Senator Rand Paul (R-KY) delayed the passage of the $740 billion National Defense Authorization Act (NDAA) on Thursday over an amendment that aims to block troop drawdowns in Afghanistan.
The amendment would block funds to bring troops out of Afghanistan until the Pentagon, State Department, and the director of national intelligence submit a report to Congress about how the drawdown would affect US security.
The assessment would be required as soon as the NDAA becomes law. Assessments would also be required when troop numbers go below 4,000, and again at 2,000. The Trump administration is currently executing a plan to bring numbers down to 2,500 by January 15th.
Senator Paul railed against the amendment on the Senate floor. “They believe that a president has the power to go to war anywhere anytime,” he said of the bill’s supporters. “But when a president tries to remove troops, they say ‘Oh no no. What we really want are 535 generals in Congress to tell him he can’t leave a war.’ How absurd is that?”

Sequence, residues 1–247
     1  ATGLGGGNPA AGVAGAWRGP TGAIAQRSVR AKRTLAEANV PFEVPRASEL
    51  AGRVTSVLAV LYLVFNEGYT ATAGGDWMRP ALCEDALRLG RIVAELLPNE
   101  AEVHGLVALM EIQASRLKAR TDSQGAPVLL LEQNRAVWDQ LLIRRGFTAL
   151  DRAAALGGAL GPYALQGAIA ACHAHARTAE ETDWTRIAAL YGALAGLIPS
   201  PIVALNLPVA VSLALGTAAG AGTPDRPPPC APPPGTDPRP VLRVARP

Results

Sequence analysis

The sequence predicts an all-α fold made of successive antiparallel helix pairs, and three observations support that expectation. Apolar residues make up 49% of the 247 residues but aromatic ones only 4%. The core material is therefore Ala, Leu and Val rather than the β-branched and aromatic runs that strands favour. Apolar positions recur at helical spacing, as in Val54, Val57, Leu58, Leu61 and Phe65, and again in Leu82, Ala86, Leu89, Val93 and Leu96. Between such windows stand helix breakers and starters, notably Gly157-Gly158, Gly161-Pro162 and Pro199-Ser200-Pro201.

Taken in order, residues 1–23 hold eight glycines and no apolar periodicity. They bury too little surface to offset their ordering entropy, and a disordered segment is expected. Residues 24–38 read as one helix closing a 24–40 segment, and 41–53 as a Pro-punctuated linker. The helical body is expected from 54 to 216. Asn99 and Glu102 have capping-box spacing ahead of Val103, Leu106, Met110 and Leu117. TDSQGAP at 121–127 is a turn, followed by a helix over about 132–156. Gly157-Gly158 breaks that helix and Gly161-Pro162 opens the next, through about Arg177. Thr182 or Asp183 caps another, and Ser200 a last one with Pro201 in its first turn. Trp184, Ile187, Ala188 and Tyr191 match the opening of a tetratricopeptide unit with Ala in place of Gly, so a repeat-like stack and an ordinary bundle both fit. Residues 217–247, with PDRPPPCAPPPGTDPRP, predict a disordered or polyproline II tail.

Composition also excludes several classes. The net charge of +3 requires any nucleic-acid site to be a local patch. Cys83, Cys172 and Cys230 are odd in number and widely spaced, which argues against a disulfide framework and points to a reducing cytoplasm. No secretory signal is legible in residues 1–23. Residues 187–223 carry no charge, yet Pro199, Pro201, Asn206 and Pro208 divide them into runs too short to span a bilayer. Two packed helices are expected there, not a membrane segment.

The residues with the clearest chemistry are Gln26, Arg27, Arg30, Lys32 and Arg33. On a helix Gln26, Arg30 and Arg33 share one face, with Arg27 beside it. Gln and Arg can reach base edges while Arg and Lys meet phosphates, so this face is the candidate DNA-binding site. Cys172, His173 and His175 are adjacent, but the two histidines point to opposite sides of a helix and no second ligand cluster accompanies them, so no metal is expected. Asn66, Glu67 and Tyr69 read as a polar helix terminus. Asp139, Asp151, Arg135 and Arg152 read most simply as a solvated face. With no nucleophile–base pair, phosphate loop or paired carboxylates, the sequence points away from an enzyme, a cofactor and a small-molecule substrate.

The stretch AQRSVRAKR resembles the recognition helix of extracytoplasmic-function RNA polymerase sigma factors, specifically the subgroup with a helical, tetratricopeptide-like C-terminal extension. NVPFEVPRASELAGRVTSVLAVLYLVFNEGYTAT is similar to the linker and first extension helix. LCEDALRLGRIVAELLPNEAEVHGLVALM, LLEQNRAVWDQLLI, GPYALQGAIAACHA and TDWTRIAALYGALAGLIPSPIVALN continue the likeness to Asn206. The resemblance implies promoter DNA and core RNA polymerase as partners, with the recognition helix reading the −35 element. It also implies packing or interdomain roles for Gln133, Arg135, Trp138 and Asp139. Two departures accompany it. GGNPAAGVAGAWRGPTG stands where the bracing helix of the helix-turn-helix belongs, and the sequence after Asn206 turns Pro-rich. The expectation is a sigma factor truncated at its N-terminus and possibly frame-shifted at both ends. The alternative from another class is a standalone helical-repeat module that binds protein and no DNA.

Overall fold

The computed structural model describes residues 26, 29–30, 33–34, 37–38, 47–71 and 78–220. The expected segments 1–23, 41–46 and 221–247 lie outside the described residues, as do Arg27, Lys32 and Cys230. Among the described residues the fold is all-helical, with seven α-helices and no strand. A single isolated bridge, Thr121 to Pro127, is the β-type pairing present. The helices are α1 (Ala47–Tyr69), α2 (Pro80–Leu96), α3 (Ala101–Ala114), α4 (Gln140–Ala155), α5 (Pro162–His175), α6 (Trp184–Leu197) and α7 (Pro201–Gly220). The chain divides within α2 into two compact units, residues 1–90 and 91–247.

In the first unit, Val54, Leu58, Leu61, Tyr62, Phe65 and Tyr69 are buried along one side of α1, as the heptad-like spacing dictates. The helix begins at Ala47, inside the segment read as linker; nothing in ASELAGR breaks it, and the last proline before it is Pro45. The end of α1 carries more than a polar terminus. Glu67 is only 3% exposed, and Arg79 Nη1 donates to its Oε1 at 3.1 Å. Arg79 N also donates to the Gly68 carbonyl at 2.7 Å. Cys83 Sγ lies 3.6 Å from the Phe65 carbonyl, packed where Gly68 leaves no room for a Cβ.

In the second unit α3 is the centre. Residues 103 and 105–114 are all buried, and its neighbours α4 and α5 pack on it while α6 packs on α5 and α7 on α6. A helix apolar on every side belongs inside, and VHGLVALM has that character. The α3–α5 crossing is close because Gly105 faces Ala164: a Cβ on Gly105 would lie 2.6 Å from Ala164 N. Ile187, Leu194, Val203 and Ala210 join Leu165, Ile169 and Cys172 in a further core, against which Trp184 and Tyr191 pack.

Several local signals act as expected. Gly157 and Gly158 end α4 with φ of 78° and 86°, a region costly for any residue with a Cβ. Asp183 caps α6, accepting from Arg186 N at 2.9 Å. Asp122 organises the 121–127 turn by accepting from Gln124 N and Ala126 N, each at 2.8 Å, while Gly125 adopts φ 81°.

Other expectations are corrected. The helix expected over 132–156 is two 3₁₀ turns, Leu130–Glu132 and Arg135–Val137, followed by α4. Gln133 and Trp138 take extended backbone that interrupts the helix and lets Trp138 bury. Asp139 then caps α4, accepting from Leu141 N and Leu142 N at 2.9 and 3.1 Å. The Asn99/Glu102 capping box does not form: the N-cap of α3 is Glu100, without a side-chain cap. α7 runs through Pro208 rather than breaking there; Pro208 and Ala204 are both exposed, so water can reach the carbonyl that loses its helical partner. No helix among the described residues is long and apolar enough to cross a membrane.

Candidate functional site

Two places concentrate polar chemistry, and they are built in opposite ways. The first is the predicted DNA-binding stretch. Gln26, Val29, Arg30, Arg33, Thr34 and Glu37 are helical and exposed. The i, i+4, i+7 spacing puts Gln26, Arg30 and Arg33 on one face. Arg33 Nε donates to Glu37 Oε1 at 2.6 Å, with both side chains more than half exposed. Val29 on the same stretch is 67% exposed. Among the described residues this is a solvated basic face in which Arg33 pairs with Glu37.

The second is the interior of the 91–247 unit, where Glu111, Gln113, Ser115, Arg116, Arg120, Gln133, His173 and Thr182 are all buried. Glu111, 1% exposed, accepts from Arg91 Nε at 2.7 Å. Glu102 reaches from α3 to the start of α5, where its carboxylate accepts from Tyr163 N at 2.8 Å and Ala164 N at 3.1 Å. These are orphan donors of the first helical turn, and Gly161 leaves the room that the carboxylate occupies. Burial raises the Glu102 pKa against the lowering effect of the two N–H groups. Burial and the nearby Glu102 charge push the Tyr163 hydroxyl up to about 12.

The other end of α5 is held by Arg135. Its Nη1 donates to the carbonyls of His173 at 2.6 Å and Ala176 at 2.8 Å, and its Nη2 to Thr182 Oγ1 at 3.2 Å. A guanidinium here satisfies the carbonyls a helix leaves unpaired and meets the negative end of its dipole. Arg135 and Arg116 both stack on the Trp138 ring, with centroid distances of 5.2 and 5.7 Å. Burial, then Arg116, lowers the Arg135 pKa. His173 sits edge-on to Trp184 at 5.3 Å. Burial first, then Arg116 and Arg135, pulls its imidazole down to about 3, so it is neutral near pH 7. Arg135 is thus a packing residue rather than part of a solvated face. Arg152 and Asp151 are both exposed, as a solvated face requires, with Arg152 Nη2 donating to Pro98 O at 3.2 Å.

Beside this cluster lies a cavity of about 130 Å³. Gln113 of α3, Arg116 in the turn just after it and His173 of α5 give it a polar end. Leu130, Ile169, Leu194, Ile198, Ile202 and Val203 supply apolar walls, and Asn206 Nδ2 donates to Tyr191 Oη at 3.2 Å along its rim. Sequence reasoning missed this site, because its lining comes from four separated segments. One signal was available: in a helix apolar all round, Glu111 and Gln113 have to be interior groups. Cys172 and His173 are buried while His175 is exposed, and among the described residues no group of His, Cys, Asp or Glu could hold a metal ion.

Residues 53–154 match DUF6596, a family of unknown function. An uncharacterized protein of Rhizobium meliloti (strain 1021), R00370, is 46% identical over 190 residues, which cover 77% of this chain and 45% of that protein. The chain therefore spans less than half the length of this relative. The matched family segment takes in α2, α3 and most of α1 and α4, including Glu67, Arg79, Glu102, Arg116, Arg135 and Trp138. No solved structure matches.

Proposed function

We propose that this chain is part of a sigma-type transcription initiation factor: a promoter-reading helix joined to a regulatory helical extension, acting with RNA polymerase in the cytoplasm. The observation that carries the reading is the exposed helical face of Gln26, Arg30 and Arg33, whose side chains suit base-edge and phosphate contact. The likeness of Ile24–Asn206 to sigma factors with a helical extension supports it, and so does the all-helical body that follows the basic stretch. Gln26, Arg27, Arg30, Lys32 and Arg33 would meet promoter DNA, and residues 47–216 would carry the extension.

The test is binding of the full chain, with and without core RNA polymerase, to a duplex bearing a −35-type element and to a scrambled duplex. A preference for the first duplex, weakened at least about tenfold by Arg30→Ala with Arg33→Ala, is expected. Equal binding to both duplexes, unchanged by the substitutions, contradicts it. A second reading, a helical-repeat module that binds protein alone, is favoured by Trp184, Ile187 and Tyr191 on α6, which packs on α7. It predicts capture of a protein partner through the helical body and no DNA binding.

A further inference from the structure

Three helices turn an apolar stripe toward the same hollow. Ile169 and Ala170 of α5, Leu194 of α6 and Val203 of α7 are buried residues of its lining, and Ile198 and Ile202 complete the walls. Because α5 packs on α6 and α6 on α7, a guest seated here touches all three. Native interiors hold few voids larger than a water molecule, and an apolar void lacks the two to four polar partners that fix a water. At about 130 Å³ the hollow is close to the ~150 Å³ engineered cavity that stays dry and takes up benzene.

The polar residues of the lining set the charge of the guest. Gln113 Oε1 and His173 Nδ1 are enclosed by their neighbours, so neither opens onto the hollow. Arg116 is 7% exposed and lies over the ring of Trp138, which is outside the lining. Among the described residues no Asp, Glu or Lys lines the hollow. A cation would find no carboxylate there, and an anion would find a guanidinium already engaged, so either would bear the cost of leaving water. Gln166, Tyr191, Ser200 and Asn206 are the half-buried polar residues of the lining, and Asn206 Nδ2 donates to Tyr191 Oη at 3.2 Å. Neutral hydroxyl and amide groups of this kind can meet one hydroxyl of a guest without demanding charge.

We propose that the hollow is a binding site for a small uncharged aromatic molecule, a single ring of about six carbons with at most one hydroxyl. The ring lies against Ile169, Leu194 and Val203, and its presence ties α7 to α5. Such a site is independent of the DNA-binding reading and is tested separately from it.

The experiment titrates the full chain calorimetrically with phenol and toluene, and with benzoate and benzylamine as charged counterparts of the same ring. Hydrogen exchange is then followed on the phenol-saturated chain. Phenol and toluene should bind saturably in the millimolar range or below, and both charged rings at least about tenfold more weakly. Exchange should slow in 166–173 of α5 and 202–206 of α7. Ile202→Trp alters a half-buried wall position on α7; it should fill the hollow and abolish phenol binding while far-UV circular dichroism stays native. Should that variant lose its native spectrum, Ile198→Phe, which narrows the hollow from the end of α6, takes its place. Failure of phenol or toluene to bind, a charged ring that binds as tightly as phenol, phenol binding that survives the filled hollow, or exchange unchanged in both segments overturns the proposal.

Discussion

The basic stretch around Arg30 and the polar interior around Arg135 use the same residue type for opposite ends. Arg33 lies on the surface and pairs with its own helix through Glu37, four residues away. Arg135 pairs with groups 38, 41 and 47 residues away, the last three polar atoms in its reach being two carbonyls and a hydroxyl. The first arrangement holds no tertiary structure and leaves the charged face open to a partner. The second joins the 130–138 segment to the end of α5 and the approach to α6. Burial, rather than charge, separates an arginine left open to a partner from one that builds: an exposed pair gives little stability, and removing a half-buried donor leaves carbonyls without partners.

Paul warned that the bill would set “a very dangerous precedent for limiting a President’s power to end war.” Delaying a vote on the bill could lead to a government shutdown, as Congress was hoping to quickly pass the NDAA so they can vote on a stopgap spending bill to fund the government for another week. Paul said he would drop his objection if the Senate agrees to allow a final vote on the NDAA on Monday.
President Trump has threatened to veto the NDAA, mainly because it does not include a provision to repeal a law that gives tech platforms immunity from liability over the content published by third party users. The House passed the NDAA with a veto-proof majority on Tuesday.